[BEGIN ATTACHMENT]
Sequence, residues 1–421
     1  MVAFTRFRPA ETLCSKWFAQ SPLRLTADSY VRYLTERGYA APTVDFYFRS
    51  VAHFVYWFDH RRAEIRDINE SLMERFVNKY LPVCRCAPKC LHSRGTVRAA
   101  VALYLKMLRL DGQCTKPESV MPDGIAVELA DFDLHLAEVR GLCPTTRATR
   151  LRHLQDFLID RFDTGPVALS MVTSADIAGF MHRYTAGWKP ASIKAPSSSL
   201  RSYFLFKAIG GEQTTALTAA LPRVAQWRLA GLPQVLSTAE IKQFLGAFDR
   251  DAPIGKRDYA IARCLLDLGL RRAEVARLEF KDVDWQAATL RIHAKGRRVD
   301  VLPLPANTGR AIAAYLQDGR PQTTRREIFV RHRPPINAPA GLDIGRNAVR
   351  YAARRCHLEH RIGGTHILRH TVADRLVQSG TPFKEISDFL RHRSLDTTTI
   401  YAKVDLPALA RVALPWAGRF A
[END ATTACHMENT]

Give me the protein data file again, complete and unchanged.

Sequence, residues 1–421
     1  MVAFTRFRPA ETLCSKWFAQ SPLRLTADSY VRYLTERGYA APTVDFYFRS
    51  VAHFVYWFDH RRAEIRDINE SLMERFVNKY LPVCRCAPKC LHSRGTVRAA
   101  VALYLKMLRL DGQCTKPESV MPDGIAVELA DFDLHLAEVR GLCPTTRATR
   151  LRHLQDFLID RFDTGPVALS MVTSADIAGF MHRYTAGWKP ASIKAPSSSL
   201  RSYFLFKAIG GEQTTALTAA LPRVAQWRLA GLPQVLSTAE IKQFLGAFDR
   251  DAPIGKRDYA IARCLLDLGL RRAEVARLEF KDVDWQAATL RIHAKGRRVD
   301  VLPLPANTGR AIAAYLQDGR PQTTRREIFV RHRPPINAPA GLDIGRNAVR
   351  YAARRCHLEH RIGGTHILRH TVADRLVQSG TPFKEISDFL RHRSLDTTTI
   401  YAKVDLPALA RVALPWAGRF A